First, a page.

City updates snowplowing policy; gets request for more helpThe mayor, public works director, police chief or city administrator will decide when to send the plow trucks out under a new snowplowing policy adopted by the Hudson City Council on Oct. 5.
By: Randy Hanson, Hudson Star-Observer
The mayor, public works director, police chief or city administrator will decide when to send the plow trucks out under a new snowplowing policy adopted by the Hudson City Council on Oct. 5.
The criteria for making that decision, according to the policy, are:
1. The accumulation of two or more inches of snow;
2. Drifting snow that is causing travel problems;
3. Icy conditions that seriously affect travel; and
4. Snowfall during peak traffic periods.
The City Council’s Public Works Committee proposed the new two-and-a-half page policy, saying the old policy was outdated.
In addition to listing the personnel authorized to declare a snow emergency and the conditions for declaring one, the new policy addresses how the snow will be plowed and removed from streets; what streets will be given priority; the work schedule for snowplow drivers; weather conditions; the use of sand, salt and chemicals; sidewalks; emergency situations; the plowing of private property; and cooperation with the state, county and neighboring townships.
The council removed a section on damage to personal property from the policy before adopting it. City Attorney Catherine Munkittrick said the section needed more work.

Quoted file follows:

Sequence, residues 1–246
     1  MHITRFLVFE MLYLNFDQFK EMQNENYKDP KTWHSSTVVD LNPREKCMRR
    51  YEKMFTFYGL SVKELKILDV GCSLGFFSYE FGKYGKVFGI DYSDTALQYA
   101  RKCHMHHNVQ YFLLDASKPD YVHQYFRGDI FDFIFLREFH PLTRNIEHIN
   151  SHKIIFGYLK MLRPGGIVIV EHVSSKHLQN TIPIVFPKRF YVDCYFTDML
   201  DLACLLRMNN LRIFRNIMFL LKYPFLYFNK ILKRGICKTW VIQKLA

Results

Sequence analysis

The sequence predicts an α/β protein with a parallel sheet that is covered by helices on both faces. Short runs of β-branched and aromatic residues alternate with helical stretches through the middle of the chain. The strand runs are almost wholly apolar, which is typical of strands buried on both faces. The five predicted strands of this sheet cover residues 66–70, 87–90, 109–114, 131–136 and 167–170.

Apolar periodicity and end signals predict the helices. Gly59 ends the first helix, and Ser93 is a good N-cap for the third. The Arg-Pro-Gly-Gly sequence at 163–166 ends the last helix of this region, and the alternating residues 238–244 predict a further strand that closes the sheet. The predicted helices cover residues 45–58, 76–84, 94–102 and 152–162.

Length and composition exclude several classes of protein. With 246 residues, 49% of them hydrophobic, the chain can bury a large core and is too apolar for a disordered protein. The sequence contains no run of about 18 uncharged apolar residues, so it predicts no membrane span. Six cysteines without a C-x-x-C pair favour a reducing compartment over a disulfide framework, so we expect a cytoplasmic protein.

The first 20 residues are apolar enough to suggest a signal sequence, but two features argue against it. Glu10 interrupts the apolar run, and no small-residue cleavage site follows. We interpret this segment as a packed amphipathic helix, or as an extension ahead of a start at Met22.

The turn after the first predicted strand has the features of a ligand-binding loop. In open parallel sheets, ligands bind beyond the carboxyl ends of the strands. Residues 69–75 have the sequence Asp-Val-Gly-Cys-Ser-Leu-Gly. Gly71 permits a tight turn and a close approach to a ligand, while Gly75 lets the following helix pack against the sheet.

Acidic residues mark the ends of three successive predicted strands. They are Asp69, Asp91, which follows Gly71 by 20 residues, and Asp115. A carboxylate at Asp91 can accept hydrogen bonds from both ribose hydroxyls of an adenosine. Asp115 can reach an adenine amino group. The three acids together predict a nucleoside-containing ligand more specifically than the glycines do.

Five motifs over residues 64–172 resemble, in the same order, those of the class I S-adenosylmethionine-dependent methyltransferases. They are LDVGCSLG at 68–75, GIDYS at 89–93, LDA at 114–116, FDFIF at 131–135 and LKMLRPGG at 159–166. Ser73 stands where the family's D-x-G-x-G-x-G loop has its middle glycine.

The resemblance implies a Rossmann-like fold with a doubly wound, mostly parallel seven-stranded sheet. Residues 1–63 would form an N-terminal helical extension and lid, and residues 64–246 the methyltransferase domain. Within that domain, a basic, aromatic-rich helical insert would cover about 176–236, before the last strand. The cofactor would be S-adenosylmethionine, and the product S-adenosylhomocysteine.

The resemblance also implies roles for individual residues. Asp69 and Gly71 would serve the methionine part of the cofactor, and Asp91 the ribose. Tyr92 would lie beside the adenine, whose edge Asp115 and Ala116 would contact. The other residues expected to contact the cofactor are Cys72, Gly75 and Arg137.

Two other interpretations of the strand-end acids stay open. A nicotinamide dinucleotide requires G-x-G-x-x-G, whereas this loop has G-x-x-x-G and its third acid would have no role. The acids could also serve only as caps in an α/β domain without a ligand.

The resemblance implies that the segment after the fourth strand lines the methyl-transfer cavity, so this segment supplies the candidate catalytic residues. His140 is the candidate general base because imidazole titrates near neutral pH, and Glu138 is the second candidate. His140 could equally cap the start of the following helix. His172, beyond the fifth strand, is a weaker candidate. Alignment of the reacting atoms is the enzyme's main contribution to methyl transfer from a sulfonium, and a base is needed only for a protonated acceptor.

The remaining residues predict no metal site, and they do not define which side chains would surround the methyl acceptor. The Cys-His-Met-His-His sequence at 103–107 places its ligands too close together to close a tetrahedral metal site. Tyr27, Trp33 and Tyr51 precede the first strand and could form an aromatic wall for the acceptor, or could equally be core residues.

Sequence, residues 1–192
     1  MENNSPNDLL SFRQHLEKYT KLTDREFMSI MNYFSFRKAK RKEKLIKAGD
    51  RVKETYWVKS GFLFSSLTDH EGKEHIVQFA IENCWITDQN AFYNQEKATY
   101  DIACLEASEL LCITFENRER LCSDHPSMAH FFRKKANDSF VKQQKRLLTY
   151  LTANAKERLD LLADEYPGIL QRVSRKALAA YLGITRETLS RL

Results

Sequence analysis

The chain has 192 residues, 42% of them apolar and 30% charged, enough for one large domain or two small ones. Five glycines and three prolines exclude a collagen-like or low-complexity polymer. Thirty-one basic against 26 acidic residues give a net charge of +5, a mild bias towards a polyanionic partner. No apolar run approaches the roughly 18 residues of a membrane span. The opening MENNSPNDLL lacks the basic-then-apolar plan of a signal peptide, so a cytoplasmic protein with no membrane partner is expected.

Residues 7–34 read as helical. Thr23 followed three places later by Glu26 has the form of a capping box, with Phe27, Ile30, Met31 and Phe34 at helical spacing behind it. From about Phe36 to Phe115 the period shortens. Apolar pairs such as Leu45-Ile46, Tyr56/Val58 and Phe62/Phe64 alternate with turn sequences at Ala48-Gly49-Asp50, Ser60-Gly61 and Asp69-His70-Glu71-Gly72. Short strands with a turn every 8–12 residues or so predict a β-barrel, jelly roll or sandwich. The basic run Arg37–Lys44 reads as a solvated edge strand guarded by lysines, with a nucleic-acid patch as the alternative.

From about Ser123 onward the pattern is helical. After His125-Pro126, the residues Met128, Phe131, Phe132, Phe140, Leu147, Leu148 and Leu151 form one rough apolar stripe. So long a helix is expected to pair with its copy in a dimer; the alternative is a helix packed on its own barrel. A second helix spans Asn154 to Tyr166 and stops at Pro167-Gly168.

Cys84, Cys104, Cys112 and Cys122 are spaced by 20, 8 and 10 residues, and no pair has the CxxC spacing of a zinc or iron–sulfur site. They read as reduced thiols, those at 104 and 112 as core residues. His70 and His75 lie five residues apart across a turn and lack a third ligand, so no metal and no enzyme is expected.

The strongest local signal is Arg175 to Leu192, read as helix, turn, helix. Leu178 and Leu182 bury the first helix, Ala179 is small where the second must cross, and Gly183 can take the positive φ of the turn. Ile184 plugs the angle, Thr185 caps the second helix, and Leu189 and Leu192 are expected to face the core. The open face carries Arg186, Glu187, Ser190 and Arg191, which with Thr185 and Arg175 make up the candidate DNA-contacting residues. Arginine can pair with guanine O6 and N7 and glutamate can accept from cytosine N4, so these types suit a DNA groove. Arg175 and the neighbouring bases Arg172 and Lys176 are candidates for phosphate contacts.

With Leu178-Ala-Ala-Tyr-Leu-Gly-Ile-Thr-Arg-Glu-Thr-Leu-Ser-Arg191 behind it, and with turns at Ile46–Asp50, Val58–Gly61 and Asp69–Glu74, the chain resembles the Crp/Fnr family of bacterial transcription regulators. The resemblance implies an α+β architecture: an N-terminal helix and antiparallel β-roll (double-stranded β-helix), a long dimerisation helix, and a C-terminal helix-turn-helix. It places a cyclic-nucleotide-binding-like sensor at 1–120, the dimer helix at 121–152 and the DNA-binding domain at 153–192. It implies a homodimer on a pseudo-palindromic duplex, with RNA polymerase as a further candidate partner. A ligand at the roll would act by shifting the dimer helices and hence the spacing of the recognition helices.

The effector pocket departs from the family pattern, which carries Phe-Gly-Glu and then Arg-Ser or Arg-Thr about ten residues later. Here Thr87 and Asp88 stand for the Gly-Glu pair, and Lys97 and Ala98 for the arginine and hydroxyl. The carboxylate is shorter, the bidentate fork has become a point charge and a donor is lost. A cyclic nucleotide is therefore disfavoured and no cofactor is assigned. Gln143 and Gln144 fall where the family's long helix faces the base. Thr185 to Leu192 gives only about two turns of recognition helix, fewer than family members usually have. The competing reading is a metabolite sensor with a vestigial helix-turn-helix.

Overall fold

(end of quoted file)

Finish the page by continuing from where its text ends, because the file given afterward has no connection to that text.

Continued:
It said that only personal property “installed properly and allowed by city ordinance to be adjacent to streets, and damaged by actual contact with city equipment,” would be considered for repair or replacement at city expense.
It also eliminated compensation to owners for damaged trees, shrubbery, landscaping and illegally parked vehicles.
Public Works and Parks Director Tom Zeuli asked the council for part-time workers to assist with sidewalk shoveling and other related work.
In a memo to council members, Zeuli said a crew of 13 or more workers is required to clear the city’s streets and sidewalks of snow in a timely manner.
The department has only nine workers, he said, and one of those is the mechanic who is often pulled off his route to repair equipment.
Three Water Utility workers also assist with snowplowing.
Zeuli said Waste Water Treatment Plant employees are no longer available to assist with the effort.
Zeuli said City Administrator Devin Willi was looking into whether contracting for snow removal services or having non-union workers help with snow removal would violate the contract between the city and its Public Works employees.